Can you imagine being a lamplighter and wandering around the city all night to manually light up and extinguish each street lamp? Before electric lamps were invented and introduced almost universally, these professionals used to do this by hand while holding a long pole or using a ladder to reach up to the lamp. The lamplighter, otherwise known as the town’s watchman, used candles, oil and other consumable liquids to light the lamp. Only a small number of these professionals still exist, but they are employed everywhere from New Orleans and London to Belarus and Poland primarily for heritage projects.

6. Milkman

In the past when there weren’t advanced refrigeration and food preservation techniques, a milkman would normally deliver fresh milk to people who ordered it at their house. While this profession still exists in some areas around the world, its popularity has fallen dramatically. Until recently, though, a milkman would travel in an electric vehicle, the ‘milk float’, to deliver milk, eggs, and other dairy products such as cream, butter and cheese.

7. Rat Catcher

Rat catchers carry out some of the dirtiest work you can imagine. With the increasing population of rats within Europe, people had to do something to prevent diseases from spreading to the public. Not everybody is willing to help out except these brave rat catchers who are putting their lives at risk by getting bitten and catching serious infections while being around – and touching these filthy rats. Yikes!

This is one of the few professions on this list that is very much still alive and kicking. While most rat catchers are now referred to as pest control operatives or pest technicians they carry out many of the same duties, but usually with less risk due to advances in technology. However, the danger of catching a disease from a rat bite is still quite real for these professionals, so it is not exactly an ideal career.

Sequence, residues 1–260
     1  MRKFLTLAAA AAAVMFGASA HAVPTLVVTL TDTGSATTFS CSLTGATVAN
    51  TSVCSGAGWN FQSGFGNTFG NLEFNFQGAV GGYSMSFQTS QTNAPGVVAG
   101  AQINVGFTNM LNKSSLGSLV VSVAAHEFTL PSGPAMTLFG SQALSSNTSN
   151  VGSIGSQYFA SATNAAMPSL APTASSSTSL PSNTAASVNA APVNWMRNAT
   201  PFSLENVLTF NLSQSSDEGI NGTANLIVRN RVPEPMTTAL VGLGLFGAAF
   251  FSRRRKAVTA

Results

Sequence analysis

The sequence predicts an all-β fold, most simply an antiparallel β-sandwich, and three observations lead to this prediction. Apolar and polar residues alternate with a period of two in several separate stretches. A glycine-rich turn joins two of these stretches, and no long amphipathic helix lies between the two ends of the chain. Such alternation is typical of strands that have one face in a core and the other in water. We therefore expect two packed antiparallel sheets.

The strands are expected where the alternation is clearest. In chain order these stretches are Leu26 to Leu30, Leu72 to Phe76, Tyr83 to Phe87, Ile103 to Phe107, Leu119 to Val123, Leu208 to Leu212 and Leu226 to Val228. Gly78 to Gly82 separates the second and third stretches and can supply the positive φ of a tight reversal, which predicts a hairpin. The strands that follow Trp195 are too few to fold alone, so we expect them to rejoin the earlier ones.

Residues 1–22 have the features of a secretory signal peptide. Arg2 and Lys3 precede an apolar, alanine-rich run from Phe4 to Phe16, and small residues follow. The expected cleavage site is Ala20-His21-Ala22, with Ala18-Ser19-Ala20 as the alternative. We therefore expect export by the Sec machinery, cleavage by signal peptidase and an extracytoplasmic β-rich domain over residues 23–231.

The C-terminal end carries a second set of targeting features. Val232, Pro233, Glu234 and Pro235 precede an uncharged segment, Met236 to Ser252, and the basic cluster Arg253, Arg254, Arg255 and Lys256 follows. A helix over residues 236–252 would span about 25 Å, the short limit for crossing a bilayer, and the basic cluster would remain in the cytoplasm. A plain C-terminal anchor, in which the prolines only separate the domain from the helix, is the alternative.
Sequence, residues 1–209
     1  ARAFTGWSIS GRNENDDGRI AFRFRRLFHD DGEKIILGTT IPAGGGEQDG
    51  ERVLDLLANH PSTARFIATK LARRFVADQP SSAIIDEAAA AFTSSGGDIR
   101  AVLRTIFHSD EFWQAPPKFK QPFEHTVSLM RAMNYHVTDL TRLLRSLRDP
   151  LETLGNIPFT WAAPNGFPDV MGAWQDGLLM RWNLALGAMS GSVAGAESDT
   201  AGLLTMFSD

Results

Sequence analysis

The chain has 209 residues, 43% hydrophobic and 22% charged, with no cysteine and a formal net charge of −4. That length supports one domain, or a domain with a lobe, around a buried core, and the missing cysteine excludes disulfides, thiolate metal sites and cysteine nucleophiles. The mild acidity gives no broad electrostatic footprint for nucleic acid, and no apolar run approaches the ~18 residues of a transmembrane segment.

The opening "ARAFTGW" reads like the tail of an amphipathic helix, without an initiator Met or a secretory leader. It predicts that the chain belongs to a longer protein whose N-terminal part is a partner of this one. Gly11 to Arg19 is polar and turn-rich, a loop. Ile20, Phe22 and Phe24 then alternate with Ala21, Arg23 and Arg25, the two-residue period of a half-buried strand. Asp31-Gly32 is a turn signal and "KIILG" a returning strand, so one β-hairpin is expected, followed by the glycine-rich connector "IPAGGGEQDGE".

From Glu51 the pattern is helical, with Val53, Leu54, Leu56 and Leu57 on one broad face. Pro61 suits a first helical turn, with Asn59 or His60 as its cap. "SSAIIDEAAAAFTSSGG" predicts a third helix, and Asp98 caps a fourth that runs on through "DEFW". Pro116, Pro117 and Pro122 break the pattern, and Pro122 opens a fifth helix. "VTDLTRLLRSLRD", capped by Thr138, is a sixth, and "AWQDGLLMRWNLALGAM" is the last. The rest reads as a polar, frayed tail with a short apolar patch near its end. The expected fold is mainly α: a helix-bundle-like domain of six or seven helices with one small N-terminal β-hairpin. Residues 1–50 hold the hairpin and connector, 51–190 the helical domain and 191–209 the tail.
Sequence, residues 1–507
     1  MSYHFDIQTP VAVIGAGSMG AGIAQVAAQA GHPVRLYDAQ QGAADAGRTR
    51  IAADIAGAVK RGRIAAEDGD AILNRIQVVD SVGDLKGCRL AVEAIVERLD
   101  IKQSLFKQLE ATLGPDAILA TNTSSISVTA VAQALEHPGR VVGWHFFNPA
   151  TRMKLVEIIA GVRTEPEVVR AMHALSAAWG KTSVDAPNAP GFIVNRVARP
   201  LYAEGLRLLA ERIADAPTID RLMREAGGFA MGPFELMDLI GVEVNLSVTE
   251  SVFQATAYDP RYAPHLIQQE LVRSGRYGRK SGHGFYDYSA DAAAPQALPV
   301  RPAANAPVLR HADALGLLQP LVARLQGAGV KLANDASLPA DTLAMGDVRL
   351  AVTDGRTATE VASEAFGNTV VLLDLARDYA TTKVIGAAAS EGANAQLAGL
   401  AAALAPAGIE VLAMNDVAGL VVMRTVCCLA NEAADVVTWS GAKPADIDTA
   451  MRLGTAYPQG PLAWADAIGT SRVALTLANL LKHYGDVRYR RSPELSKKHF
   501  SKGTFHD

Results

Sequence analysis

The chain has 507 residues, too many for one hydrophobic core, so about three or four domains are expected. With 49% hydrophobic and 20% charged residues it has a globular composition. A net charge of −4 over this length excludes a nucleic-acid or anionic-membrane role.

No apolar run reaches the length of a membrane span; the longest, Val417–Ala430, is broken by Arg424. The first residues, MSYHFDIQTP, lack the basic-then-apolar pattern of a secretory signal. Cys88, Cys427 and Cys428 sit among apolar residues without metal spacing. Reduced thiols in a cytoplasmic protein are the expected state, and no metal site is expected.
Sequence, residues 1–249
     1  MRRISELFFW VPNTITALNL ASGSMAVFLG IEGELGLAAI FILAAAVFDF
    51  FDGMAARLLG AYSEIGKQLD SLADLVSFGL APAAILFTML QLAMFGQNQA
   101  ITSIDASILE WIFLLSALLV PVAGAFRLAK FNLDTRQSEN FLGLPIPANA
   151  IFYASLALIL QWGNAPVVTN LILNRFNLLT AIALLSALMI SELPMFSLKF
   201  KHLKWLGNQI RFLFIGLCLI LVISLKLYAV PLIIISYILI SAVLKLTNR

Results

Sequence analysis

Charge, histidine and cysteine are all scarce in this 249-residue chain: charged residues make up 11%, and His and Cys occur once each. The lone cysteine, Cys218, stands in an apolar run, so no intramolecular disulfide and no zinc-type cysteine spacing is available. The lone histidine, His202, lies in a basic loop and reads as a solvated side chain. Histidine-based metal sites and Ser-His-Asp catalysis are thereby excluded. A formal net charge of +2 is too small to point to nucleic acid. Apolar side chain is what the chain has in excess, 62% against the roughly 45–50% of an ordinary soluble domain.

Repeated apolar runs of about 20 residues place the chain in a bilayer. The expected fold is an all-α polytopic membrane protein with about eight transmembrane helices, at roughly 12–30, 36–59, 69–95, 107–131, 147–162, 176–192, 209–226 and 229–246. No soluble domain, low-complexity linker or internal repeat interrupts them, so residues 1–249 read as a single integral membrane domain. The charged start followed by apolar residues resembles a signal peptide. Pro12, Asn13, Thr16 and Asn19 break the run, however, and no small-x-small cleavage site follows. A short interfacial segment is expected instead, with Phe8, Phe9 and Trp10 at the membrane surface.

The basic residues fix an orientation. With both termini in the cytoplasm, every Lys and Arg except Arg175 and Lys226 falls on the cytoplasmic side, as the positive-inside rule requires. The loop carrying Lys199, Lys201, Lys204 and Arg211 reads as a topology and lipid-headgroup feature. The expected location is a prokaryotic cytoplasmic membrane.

8. Switchboard Operator

Switchboard operators were quite important back in the day. When phones had just been invented, operators would manually switch calls using a pair of plugs that was inserted in the right jack in order to connect the line. These people helped to connect calls and were an integral part of telephone network companies. If they wanted to, they could also listen in to conversations that they had connected so if you were nosy and loved gossip it could be an excellent job.

9. Factory Lector

This guy used to entertain the factory workers so that they didn’t get bored doing the same repetitive tasks over and over again. A factory lector was paid by the workers and not their employer to read passages from trade union literature that entertained the manual labourers.

10. Ice Cutter


Ice cutters were employed during the winter periods and were responsible for collecting ice from frozen rivers and lakes for pre-refrigeration purposes. The ice collected was either taken to houses or sent to businesses in the form of ice boxes and was used to store cold food. This profession was rather difficult and dangerous as it required strong ice cutters to work under extreme weather conditions.

See Also: An Essential Guide to Finding the Right Career

Are there any other professions that you think I should have been included in this list? Please let us know in the comments section below…

This article was first published in May 2015.